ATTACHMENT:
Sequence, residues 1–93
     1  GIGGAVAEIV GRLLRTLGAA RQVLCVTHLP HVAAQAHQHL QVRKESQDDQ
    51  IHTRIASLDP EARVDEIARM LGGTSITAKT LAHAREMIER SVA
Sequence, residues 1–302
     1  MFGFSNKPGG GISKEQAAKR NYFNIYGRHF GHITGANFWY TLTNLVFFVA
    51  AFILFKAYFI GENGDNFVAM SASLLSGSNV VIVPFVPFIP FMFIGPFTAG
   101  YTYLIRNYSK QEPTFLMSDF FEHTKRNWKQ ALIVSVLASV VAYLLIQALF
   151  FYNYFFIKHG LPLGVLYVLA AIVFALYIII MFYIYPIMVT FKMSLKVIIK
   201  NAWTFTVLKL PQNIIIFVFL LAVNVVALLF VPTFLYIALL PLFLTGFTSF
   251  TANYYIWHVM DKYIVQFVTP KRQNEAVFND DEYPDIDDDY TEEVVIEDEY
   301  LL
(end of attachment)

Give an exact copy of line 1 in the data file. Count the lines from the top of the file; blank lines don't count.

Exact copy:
Sequence, residues 1–93